Topic: Microbusiness Loan Program
Citation: 17-6-401 et seq. MCA
Summary:

Businesses producing energy using an alternative renewable energy source are eligible for microbusiness loans, which are capped at $100,000. A microbusiness is a Montana-based company with fewer than ten full-time employees and a gross annual revenue of less than $1 million. Application for a loan is made to a certified microbusiness development corporation; there currently are five located around the state.

Contact: Anne Pichette, Program Specialist, Department of Commerce, (406) 841-2751 or visit the  website to find locations of the nearest microbusiness development corporation
 
2. Alternative Energy Revolving Loan Program
Topic: Alternative energy revolving loan program
Citation: 75-25-101 et seq. MCA
Summary:

The alternative energy revolving loan program offers low-interest loans for up to $40,000 with repayment up to ten years. The loans are for the purpose of installing alternative energy systems that generate energy for the building occupant's own use or for net metering. Energy conservation measures may also be financed along with the alternative energy project.

The number of loans that will be made is subject to funding availability. The projects must be located in Montana.

Contact: Alternative energy revolving loan program; Ben Brouwer, Department of Environmental Quality, 406-444-6586
 
3. Montana Beginning Farm/Ranch Loan Program
Topic: Montana Beginning Farm/Ranch Loan Program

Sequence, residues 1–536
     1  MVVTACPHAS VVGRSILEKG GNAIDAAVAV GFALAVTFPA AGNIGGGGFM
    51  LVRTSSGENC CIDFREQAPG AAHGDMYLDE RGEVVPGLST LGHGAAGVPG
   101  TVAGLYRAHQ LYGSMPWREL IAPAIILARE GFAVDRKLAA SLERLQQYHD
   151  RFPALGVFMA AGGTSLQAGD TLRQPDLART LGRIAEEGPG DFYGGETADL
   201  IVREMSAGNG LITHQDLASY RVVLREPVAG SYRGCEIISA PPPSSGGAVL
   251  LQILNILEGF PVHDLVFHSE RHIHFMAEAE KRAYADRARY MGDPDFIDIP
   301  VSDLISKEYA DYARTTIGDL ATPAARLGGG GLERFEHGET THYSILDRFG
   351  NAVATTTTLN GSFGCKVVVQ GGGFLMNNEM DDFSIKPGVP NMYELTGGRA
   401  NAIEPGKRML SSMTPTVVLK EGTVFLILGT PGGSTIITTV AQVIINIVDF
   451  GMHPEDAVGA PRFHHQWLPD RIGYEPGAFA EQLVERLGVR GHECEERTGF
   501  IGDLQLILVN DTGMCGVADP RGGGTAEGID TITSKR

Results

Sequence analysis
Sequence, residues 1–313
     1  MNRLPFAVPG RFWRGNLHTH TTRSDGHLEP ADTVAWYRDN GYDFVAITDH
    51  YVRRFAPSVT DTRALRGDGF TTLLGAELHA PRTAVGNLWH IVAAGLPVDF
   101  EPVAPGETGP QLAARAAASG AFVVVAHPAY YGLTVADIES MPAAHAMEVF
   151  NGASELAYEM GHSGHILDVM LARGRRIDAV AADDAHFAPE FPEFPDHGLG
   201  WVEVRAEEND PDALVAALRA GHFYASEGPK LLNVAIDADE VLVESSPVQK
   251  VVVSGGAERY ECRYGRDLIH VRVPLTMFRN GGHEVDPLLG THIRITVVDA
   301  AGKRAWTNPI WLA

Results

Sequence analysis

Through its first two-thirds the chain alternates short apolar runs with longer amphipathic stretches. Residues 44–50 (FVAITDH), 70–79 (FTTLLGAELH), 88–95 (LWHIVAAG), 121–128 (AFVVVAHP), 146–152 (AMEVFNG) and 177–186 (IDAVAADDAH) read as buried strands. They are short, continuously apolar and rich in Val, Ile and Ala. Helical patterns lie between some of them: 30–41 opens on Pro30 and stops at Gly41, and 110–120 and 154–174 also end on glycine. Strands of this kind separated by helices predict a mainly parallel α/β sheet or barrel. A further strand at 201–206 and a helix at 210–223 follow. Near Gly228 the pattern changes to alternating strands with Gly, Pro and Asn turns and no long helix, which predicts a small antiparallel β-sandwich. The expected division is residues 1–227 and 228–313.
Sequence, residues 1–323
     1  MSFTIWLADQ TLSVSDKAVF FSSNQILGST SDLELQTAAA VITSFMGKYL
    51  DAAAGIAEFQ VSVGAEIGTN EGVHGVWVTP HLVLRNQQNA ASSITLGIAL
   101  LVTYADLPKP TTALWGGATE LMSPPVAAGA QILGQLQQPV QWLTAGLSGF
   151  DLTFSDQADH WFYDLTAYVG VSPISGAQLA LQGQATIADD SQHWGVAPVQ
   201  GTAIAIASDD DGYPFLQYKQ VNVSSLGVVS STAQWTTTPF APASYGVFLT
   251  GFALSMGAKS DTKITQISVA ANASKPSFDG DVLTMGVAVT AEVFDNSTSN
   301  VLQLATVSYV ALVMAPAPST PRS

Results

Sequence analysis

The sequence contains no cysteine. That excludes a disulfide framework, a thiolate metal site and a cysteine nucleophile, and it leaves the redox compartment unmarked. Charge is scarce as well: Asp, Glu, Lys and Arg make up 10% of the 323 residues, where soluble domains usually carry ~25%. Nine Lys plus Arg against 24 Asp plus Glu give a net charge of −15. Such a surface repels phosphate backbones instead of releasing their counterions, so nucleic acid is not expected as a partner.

Citation: 80-12-201 et seq. MCA
Summary:

Loans subsidized by tax-exempt bonds issued by the Montana Agricultural Loan Authority may be used for the production of energy using an alternative renewable energy source. The program is run through existing private agricultural lenders. The intent is to provide lower interest (1-2 percent below market) loans up to $477,000 to eligible beginning ag operators. To meet IRS regulations, the energy generated must be used within the agricultural operation.

Contact: Department of Agriculture, 406-444-5420
 

Programs Through Utilities

1. Small Power Production Facilities ("Qualifying Facilities")
Topic: Small Power Production Facilities ("Qualifying Facilities")
Citation: 69-3-601 et seq. MCA
Summary:

The Public Service Commission sets special rates at which NorthWestern Energy or Montana-Dakota Utilities must buy power from qualifying facilities that either 1) use renewable resources or waste materials or 2) cogenerate. Flathead Electric Coop is the only rural electric cooperative that must offer QF contracts. It is regulated directly by FERC.

The nameplate capacity of eligible facilities can be no more than 80 MW according to federal legislation. The rates set by the PSC must be in compliance with the federal Public Utility Regulatory Policies Act (PURPA). The PSC requires QFs larger than 10 MW to go through an RFP process to obtain a long-term contract. Between solicitations, QFs larger than 10 MW can sell to the utility at a tariffed short-term rate.

NWE is the only Montana utility with QFs; its tariffs are available on its website.

The 2003 Legislature passed HB417, which repeals all Montana mini-PURPA, contingent on repeal of federal PURPA. It would not affect any legal action or agreement made prior to the repeal.

Contact: Frank Bennett, NorthWestern Energy, 406-497-2536; Darcy Neigum, Montana-Dakota Utilities, 701-222-7757; John Goroski, Flathead Electric Cooperative, 406-751-4468; Utility Division, Public Service Commission, 406-444-6199
 
2. Consumer Protection
Topic: Consumer Protection
Citation: 69-3-1404(2) MCA
Summary:

The Public Service Commission has the authority to regulate abusive practices by suppliers and others. The PSC requires suppliers to substantiate any claims that their natural gas is from renewable resources. (See ARM 38.5.6010 Claims Made In Marketing Natural Gas.)

Contact: Utility Division, Public Service Commission, 406-444-6199
 
3. Retail Green Power
Topic: Retail Green Power
Citation: 69-8-210(2) MCA
Summary: